#### 7.2. Submodule Losses

_{s(cells)}. ${\mathit{P}}_{\mathrm{sm}}^{\mathrm{l}}$ for both the DC charging scenarios is identical, and this is, by definition, i.e., ensuring that the submodule losses during charging and traction are identical.

#### 7.2.1. N_{s(cells)} Comparison

_{s(cells)}for a given topology. This is because of the increase in the conduction losses due to the high R

_{ds(on)}of the higher voltage class MOSFETs employed at higher N

_{s(cells)}.

#### 7.2.2. Topology Comparison

_{sw}than the DSHB for a given N

_{s(cells)}. For the same reason, ${\mathit{P}}_{\mathrm{sm}}^{\mathrm{l}}$ for SSFB is two times more than in SSHB. ${\mathit{P}}_{\mathrm{sm}}^{\mathrm{l}}$ for SSHB is almost four times as in DSHB because SSHB has two times more I

_{arm}than DSHB. For the same reason, SSFB has three times more ${\mathit{P}}_{\mathrm{sm}}^{\mathrm{l}}$ than DSFB. For 12 N

_{s(cells)}, ${\mathit{P}}_{\mathrm{sm}}^{\mathrm{l}}$ of SSHB is a factor of 3 higher than DSHB because SSHB has slightly higher N

_{p(mos)}than DSHB, and a detailed calculation for N

_{p(mos)}is described in [36]. For the same reason, SSFB has three times more ${\mathit{P}}_{\mathrm{sm}}^{\mathrm{l}}$ than DSFB at 12 N

_{s(cells)}. ${\mathit{P}}_{\mathrm{sm}}^{\mathrm{l}}$ for SSFB is about three times higher than in SDFB because I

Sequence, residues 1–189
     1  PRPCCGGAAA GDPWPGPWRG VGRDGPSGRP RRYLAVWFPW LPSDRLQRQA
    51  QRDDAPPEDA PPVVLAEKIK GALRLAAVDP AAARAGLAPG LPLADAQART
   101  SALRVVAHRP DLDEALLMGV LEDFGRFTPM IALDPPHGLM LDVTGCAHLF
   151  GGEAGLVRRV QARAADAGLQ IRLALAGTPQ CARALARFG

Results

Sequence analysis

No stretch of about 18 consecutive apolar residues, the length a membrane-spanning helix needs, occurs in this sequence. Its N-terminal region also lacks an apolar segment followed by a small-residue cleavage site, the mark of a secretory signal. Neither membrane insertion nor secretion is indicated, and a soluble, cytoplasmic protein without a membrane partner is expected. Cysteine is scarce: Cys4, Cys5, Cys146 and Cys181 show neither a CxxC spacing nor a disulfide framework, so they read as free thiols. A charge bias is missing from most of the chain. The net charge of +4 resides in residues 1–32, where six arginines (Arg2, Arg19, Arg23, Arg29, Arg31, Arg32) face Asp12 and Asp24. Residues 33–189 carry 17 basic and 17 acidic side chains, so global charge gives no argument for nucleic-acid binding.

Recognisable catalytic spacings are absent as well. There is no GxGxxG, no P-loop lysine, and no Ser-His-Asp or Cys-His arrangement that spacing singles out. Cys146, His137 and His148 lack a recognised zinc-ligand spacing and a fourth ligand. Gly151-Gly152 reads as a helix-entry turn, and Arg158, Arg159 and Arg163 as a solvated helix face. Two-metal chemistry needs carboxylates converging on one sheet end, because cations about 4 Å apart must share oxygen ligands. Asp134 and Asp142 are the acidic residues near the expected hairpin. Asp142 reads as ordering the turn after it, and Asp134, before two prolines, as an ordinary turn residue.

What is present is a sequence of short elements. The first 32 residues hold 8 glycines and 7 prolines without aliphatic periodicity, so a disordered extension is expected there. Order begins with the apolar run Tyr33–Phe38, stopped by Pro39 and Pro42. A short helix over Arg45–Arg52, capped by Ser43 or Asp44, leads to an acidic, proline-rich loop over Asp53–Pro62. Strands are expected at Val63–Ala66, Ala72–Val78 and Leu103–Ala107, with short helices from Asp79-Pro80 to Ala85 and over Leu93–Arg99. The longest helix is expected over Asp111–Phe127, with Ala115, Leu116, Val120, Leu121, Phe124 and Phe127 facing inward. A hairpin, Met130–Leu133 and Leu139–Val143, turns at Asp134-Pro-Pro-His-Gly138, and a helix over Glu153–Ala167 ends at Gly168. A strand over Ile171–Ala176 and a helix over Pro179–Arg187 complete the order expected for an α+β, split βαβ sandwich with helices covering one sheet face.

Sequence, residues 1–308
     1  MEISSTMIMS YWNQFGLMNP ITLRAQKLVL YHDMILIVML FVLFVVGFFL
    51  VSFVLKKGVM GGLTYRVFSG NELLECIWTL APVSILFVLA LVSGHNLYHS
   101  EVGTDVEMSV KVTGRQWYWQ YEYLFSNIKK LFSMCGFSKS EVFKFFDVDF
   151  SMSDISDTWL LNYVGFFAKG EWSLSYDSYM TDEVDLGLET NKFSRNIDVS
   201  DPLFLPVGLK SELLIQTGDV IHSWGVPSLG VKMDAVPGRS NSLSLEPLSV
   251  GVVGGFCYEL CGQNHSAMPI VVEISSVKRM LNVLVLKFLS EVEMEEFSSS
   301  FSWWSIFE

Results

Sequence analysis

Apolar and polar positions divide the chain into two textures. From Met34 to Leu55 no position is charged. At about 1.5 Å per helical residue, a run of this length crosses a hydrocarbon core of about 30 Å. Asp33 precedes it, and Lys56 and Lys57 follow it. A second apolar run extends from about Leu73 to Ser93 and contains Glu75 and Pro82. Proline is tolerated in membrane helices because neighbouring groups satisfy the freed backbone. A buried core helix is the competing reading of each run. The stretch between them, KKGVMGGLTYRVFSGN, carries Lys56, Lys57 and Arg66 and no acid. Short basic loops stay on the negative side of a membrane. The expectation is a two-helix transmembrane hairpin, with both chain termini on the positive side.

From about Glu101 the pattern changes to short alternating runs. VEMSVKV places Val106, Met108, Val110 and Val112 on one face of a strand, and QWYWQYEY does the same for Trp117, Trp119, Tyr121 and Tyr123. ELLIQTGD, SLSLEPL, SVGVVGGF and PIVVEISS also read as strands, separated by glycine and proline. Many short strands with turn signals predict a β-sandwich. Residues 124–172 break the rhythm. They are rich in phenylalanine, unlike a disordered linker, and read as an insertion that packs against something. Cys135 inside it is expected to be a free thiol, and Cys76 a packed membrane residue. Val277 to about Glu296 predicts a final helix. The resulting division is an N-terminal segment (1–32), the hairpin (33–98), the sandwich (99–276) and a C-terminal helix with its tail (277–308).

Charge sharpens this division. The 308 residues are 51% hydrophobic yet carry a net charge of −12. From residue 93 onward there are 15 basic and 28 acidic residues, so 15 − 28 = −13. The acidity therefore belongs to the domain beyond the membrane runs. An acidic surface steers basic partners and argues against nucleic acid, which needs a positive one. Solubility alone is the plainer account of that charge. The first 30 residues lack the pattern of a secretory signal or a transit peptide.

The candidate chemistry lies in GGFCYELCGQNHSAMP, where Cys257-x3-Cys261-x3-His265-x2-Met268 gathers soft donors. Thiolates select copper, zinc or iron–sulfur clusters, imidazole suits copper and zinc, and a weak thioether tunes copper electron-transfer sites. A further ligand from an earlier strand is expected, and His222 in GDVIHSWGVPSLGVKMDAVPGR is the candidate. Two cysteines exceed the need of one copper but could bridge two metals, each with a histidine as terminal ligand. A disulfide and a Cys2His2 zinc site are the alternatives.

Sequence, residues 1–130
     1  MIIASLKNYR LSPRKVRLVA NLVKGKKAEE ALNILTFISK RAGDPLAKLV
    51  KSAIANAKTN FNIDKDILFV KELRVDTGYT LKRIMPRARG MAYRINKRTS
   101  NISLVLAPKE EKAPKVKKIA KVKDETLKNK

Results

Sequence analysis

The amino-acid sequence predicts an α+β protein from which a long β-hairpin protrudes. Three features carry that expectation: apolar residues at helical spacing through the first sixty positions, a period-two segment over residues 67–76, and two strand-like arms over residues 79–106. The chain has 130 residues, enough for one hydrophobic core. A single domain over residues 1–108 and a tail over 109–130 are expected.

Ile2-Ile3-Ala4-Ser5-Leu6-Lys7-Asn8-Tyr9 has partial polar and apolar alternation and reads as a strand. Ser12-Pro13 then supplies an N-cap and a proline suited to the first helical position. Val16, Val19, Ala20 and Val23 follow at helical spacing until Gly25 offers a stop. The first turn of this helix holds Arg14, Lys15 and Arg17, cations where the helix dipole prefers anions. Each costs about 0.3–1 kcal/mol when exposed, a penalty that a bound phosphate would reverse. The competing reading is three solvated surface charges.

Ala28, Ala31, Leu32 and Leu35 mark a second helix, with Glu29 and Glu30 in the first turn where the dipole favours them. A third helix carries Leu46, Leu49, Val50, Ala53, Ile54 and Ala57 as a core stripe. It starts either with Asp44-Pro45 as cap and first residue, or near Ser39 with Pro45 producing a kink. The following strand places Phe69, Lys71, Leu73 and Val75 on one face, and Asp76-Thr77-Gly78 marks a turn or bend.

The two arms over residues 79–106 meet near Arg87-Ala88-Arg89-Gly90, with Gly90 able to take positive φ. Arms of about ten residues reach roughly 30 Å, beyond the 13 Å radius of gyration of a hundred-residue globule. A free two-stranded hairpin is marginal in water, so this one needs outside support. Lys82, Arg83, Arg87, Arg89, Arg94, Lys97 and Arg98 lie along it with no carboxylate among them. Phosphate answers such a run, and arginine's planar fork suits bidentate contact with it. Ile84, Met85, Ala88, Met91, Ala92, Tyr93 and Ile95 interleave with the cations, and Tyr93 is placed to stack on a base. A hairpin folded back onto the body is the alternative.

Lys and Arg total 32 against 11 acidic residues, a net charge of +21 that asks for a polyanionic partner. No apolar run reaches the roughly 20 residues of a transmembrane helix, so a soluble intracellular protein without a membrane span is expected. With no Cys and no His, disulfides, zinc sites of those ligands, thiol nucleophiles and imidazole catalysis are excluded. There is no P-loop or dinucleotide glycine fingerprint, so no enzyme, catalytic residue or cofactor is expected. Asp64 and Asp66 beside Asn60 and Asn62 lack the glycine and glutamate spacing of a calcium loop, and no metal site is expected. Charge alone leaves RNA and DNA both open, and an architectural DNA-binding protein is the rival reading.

_{arm}for SSFB is $\sqrt{3}$ times greater than in SDFB.

#### 7.3. Total Semiconductor Losses

_{s(cells)}.

#### 7.3.1. N_{s(cells)} Comparison

_{s(cells)}. This is because as N

_{s(cells)}increases, the MOSFET R

_{ds(on)}increases but not in proportion to the total number of submodules (both ${\mathit{N}}_{\mathrm{sm}}^{\mathrm{t}}$ and ${\mathit{N}}_{\mathrm{sm}}^{\mathrm{c}}$) decreases.

#### 7.3.2. Topology Comparison

_{s(cells)}and topology: the losses per submodule for both the cases (CDC-C and CDC-T) are identical (by definition). As a result, ${\mathit{P}}_{\mathrm{sc}}^{\mathrm{l}\left(\mathrm{t}\right)}$ and ${\mathit{P}}_{\mathrm{sc}}^{\mathrm{l}\left(\mathrm{c}\right)}$ are proportional to ${\mathit{N}}_{\mathrm{sm}}^{\mathrm{t}}$ and ${\mathit{N}}_{\mathrm{sm}}^{\mathrm{c}}$, respectively. Therefore, all topologies except DSHB have higher ${\mathit{P}}_{\mathrm{sc}}^{\mathrm{l}\left(\mathrm{c}\right)}$ than ${\mathit{P}}_{\mathrm{sc}}^{\mathrm{l}\left(\mathrm{t}\right)}$ for a given N

_{s(cells)}. In DSHB, ${\mathit{N}}_{\mathrm{sm}}^{\mathrm{c}}$ and ${\mathit{N}}_{\mathrm{sm}}^{\mathrm{t}}$ are the same; thus, ${\mathit{P}}_{\mathrm{sc}}^{\mathrm{l}\left(\mathrm{t}\right)}$ and ${\mathit{P}}_{\mathrm{sc}}^{\mathrm{l}\left(\mathrm{c}\right)}$ are equal. ${\mathit{P}}_{\mathrm{sc}}^{\mathrm{l}\left(\mathrm{c}\right)}$ (CDC-C) for SSFB is about three times as ${\mathit{P}}_{\mathrm{sc}}^{\mathrm{l}\left(\mathrm{t}\right)}$ (CDC-T) because ${\mathit{N}}_{\mathrm{sm}}^{\mathrm{c}}$ is about three times as ${\mathit{N}}_{\mathrm{sm}}^{\mathrm{t}}$.

#### 7.4. Maximum DC Charging Voltage and Current